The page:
Electric trains called interurbans could take you to many Indiana cities in the early 20th century. At their peak, 111 traction companies operated more then 3,000 cars along 2,100 track miles. 68 of Indiana’s 92 counties were served by at least one line.
Most Indiana interurbans had shut down by 1950 as the automobile took over. Remarkably, one interurban still serves, carrying passengers between South Bend and Chicago.
Some interurban infrastructure remains, like this bridge. You’ll find it today on the campus of Newfields, formerly known as the Indianapolis Museum of Art. Below once ran the Terre Haute, Indianapolis & Eastern Traction Company’s line from Indianapolis to Lafayette, which was abandoned in the 1930s. You can see more views of this bridge on bridgehunter.com here.
This bridge spans the Indianapolis Central Canal on the grounds of Newfields, also known as the Indianapolis Museum of Art.
It was built in 1873 to span Sugar Creek near Crawfordsville in Montgomery County. It was a two-span bridge. When the bridge was replaced, one span went elsewhere in Montgomery County and this span went unused. After many years, it was moved here and restored.
I don’t know if I’m fully over it yet, the stiff fee the Indianapolis Museum of Art started charging in 2015 to visit any part of the museum and its grounds. I understand a fee to tour the museum — but the grounds? Really?
There is a fee-free way in, via the far west end of the campus, a small parking lot, and a long walk. But I haven’t done it. It’s a principle, darn it, and I’ve stood staunch. This walk should be as free and easy as it ever was!
But I’m almost over it. My idealism stretches only so far. If I weren’t about to move away, I’m sure that shortly I’d become willing to buy an annual membership and get back to photographing the lovely campus, on which I have not set foot in more than two and a half years.
The Indianapolis Museum of Art traces its roots to 1883, when the Art Association of Indianapolis held its first exhibit. The Art Association established its first permanent home in 1902 at 16th and Pennsylvania Streets, where Indianapolis’s Old Northside neighborhood ends and the Herron-Morton neighborhood begins. Herron-Morton gets its name in part for John Herron, who left most of his fortune to the Art Association on the condition that the funds establish a museum and art school in his name.
By 1964, the Art Association’s museum was out of space. In 1966, the John Herron School of Art lost its accreditation. It was time for change. The Herron School was transferred to Indiana University, which reaccredited it and operates it today. And the Lilly family of the Eli Lilly pharmaceutical company donated the family estate, Oldfields, on Michigan Road at 38th Street. The Art Association changed its name to the Indianapolis Museum of Art, and in time its new facilities were built on the sprawling Oldfields grounds.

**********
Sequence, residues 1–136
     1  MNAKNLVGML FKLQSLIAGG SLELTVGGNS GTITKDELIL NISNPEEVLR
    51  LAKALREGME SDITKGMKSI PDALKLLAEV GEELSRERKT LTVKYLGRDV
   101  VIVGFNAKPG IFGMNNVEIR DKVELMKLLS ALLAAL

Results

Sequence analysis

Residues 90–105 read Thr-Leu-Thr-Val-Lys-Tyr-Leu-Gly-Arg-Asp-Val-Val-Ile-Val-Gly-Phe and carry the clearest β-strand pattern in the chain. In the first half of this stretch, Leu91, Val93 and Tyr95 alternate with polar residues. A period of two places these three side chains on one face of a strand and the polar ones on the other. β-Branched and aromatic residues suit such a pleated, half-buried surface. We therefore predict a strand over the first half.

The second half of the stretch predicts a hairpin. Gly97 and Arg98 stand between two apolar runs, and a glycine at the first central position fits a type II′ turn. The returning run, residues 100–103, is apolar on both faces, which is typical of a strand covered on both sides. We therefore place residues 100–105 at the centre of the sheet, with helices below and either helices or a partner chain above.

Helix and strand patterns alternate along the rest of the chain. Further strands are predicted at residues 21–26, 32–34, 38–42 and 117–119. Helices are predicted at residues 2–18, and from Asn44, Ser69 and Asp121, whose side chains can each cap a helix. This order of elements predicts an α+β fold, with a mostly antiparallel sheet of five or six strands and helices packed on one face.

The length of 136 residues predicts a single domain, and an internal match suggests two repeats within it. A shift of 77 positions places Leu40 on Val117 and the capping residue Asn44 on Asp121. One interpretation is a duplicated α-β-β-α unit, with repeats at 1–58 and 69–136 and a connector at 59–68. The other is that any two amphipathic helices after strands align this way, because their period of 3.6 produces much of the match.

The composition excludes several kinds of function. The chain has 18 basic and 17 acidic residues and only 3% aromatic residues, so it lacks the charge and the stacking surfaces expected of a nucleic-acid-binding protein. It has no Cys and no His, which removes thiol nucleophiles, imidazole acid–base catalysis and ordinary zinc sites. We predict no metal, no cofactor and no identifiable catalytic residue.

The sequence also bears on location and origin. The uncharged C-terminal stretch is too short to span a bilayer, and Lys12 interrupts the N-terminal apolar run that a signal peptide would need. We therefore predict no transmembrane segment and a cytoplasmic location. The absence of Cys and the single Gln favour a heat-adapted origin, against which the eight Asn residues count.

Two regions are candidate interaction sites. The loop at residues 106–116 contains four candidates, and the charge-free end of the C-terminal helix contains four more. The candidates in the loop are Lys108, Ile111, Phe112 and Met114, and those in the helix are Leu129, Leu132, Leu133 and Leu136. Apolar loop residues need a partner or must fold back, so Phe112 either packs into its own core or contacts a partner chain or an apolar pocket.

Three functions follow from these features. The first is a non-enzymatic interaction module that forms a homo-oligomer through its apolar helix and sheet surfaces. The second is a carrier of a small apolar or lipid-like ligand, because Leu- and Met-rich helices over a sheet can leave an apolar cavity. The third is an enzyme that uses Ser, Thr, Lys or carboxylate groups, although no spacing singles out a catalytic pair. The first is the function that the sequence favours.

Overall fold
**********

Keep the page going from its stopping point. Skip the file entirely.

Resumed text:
Sprawling — and stunning. The White River runs behind it; the Indiana Central Canal runs through it. (The Canal is a feature of many of my favorite subjects!) The classical buildings of the Oldfields estate contrast with the modern buildings the Museum built to house its collections. And it’s all tied together by a system of beautifully landscaped paths and trails.
Everywhere you walk, there is something interesting to see.
I don’t know why it took me so long to visit the IMA for photography. Except for a few photos I made when I surveyed the Michigan Road in 2008, my first visits for photography were in 2013. And my last were in 2014, for that year the IMA announced it would henceforth cost $18 to set foot on the grounds. I wrote a scathing blog post criticizing this decision then; read it here. But for those two years, I visited all the time and made dozens of lovely photographs. So many outstanding subjects lurk everywhere!
You can spend hours just photographing the flowers and other plant life.
Statues dot the grounds.
For me, though, the campus’s showpiece is the Lilly house.
Oh my gosh, but do I miss wandering these grounds with a camera in my hands. It’s why I’m almost over the IMA’s ridiculous entry fee. $75 would buy an annual pass for me and my family.
The IMA recently announced that it is rebranding all of its offerings on its 152-acre campus — the museum, the grounds, the Lilly house, the acreage between the canal and the river, and all of the events that happen anywhere within these spaces — as Newfields. It deftly ties all of their offerings together, and reminds me that even a stroll on their groundsis good and valuable.
My wife enjoys what is now known as Newfields as well. Even though we’ll be farther away, up in Zionsville, it’s still an easy drive along I-65 to get here. A family membership might still be worth it.